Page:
Formation of metallacarboxylic acids through Hieber base reaction. A density functional theory study

  • Shahbaz Ahmad
  • Elisabeth A. Berry
  • Conor H. Boyle
  • Christopher G. Hudson
  • Oliver W. Ireland
  • Emily A. Thompson
  • Michael BühlEmail author
Open Access
Original Paper
Part of the following topical collections:
  1. Tim Clark 70th Birthday Festschrift


Using density functional theory (B97-D/ECP2/PCM//RI-BP86/ECP1 level), we have studied the effects of ligand variation on OH uptake by transition-metal carbonyls (Hieber base reaction), i.e., LnM(CO) + OH → [LnM(CO2H)], M = Fe, Ru, Os, L = CO, PMe3, PF3, py, bipy, Cl, H. The viability of this step depends notably on the nature of the co-ligands, and a large span of driving forces is predicted, ranging from ΔG = −144 kJ/mol to +122 kJ/mol. Based on evaluation of atomic charges from natural population analysis, it is the ability of the co-ligands to delocalize the additional negative charge (through their π-acidity) that is the key factor affecting the driving force for OH uptake. Implications for the design of new catalysts for water gas shift reaction are discussed.

Graphical abstract


Homogeneous catalysis Water gas shift reaction Hieber base reaction Density functional theory 


Hydrogen is the cleanest fuel and a cost-effective energy carrier of the future [1, 2, 3, 4, 5, 6], which produces three times more energy per unit mass than fossil fuels [7]. Industrially, hydrogen is generated from fossil fuels releasing higher amounts of greenhouse gas, CO2 [8, 9]. A sustainable supply of hydrogen from renewable resources, such as biomass, is highly desirable [4, 10]. Development of homogeneous transition metal catalysts for complete decomposition of polyhydroxy biomass constituents, i.e., carbohydrates, into H2 and CO2, could revolutionize H2 production from renewable resources. Methanol is the simplest model for such carbohydrates, but complete dehydrogenation of this compound according to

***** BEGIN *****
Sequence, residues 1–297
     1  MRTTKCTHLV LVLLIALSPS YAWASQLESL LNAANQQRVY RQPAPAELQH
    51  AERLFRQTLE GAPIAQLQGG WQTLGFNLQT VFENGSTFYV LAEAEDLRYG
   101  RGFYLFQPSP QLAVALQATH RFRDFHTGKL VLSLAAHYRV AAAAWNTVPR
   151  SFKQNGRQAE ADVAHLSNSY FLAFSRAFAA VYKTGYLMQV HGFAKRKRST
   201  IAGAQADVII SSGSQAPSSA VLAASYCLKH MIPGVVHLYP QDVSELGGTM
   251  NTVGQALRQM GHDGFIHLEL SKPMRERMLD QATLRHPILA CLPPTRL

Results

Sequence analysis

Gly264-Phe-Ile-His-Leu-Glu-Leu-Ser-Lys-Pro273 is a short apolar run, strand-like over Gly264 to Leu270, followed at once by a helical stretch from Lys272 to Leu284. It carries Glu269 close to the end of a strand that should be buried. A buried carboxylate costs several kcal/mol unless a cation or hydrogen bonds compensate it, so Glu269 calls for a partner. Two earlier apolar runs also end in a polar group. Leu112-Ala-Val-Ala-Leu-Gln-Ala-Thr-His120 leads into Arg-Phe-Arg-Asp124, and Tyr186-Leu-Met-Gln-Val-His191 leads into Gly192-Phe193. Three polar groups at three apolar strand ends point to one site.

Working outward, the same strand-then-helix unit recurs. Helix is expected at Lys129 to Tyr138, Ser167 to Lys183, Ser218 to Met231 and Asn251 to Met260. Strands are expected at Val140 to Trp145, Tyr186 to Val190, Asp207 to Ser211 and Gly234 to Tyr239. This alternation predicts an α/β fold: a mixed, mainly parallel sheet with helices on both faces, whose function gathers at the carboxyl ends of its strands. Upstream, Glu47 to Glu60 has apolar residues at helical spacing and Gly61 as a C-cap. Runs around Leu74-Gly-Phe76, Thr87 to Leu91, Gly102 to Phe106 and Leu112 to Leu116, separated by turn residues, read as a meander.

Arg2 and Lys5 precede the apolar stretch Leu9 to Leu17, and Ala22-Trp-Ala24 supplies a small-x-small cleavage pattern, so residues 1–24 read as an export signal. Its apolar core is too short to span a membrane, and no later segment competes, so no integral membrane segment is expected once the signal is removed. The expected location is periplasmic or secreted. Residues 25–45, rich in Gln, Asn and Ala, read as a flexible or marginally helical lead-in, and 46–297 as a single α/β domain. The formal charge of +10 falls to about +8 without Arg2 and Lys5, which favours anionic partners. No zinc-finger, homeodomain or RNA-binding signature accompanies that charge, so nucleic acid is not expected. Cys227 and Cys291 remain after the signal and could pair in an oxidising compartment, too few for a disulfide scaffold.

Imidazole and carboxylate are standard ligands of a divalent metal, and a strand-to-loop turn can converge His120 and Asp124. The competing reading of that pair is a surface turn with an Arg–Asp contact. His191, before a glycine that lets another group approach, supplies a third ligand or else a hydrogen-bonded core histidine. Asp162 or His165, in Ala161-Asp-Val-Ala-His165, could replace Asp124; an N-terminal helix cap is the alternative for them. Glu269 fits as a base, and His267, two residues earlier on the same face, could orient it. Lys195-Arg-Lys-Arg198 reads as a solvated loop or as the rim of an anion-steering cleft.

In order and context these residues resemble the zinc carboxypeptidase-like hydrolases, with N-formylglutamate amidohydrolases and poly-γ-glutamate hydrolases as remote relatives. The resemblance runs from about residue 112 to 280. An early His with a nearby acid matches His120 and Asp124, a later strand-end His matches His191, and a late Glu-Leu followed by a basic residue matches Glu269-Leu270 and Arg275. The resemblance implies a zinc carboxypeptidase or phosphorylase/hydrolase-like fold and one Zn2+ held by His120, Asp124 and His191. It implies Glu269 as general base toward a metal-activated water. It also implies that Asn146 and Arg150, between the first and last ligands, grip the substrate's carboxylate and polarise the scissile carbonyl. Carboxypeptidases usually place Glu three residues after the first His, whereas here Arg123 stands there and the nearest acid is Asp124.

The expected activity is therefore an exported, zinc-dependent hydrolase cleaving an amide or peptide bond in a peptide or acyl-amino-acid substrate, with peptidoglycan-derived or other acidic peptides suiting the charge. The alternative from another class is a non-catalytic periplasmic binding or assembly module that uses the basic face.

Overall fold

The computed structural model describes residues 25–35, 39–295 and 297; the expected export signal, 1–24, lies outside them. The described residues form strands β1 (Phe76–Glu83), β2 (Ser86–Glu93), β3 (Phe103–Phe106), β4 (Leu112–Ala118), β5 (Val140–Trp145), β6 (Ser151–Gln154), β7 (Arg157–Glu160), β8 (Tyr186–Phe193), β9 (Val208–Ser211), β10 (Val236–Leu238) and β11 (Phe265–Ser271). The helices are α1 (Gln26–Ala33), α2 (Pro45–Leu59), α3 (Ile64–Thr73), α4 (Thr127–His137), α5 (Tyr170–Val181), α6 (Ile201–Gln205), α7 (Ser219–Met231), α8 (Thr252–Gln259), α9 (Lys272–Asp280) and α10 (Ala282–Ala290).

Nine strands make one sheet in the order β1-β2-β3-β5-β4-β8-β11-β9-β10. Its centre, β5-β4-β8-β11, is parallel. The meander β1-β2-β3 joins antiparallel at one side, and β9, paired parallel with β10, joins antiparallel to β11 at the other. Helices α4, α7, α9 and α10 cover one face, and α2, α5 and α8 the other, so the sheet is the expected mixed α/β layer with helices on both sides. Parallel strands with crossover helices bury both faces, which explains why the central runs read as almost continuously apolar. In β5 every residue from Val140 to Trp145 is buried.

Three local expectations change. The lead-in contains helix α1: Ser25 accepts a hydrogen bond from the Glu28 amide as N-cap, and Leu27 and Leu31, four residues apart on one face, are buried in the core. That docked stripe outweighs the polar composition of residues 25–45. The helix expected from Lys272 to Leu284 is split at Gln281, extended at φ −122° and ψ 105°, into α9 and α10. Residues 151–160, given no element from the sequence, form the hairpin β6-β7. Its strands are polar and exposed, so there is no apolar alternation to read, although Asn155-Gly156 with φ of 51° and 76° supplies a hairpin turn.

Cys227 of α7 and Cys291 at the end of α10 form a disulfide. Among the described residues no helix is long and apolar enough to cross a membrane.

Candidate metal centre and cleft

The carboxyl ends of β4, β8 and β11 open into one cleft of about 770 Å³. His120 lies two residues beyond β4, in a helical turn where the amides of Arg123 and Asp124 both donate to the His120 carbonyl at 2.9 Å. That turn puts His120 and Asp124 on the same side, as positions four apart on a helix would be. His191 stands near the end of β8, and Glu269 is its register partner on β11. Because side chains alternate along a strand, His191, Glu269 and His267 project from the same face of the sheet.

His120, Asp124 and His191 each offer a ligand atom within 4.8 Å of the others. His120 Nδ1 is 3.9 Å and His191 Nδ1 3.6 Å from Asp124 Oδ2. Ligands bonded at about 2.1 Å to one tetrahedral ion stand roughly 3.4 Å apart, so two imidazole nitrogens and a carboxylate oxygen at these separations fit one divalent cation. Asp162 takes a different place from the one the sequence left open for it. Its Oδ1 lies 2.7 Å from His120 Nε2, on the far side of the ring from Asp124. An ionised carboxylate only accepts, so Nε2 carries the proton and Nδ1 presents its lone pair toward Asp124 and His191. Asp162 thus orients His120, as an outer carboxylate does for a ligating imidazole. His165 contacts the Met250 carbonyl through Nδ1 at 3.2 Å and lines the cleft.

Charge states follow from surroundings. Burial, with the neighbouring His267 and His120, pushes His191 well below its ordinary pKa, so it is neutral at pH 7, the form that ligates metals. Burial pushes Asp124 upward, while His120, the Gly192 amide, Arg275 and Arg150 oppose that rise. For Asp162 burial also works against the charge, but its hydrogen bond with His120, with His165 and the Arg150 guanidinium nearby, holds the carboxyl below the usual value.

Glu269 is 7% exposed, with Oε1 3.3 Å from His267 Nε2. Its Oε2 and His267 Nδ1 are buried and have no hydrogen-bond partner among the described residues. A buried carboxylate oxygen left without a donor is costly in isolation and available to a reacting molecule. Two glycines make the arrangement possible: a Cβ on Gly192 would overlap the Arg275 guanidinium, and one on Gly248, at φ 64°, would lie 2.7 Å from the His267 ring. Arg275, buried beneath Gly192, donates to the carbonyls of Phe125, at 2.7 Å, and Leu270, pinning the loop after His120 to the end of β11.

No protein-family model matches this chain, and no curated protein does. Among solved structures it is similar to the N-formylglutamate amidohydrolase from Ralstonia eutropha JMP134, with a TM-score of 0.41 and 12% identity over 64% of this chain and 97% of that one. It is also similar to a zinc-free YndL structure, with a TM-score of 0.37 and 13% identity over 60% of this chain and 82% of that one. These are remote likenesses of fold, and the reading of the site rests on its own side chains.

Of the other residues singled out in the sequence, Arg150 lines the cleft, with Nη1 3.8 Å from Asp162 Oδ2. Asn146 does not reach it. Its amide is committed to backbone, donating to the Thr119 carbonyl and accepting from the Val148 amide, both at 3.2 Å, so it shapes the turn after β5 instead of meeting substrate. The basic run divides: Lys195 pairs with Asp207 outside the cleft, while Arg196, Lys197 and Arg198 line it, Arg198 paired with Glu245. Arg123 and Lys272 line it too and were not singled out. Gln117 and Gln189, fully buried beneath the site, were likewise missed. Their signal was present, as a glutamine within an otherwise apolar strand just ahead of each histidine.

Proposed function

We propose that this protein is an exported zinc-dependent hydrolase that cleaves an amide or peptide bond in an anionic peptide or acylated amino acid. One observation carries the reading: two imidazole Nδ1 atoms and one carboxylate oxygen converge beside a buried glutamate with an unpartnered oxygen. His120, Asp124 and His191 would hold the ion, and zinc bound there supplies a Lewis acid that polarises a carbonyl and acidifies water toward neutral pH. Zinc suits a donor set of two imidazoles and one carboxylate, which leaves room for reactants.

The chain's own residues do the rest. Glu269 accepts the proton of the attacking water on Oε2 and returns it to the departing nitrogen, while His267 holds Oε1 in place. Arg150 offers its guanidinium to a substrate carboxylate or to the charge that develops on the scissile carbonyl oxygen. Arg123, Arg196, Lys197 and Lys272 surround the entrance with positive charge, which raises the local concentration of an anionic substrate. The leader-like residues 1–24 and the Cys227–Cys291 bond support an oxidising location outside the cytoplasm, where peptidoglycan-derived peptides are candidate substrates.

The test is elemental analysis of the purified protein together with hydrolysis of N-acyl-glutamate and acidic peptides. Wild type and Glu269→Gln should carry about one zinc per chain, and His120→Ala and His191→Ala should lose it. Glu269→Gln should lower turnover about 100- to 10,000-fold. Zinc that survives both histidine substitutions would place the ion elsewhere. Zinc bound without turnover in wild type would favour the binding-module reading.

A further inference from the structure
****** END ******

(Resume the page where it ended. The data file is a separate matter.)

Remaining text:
$$ \mathrm{MeOH}+{\mathrm{H}}_2\mathrm{O}\to {3\mathrm{H}}_2+{\mathrm{CO}}_2 $$
would be of considerable interest in its own right. This decomposition of methanol could follow a sequence of three reactions, (i) dehydrogenation, (ii) decarbonylation, and (iii) water–gas shift reaction (WGSR, see Scheme 1), all of which are well known.
Scheme 1

Putative reaction sequence for complete methanol dehydrogenation

Development of homogeneous transition metal catalysts for H2 production from methanol [11, 12] has attracted much attention in the past few decades. Morton and Cole-Hamilton developed a ruthenium catalyst [Ru(H)2(X2)(PPh3)3] (X = N, H) for partial dehydrogenation of alcohols (including methanol) with notable turnover frequencies [13]. Aldehydes and ketones were the main products [formaldehyde in case of methanol, Scheme 1, step (i)]. During the conversion of ethanol, significant amounts of methane and a carbonyl complex, [RuH2(CO)(PPh3)3], were produced through decarbonylation [Scheme 1, step (ii)]. However, since no CO2 was noticed, apparently these Ru complexes are not active as WGSR catalysts [14].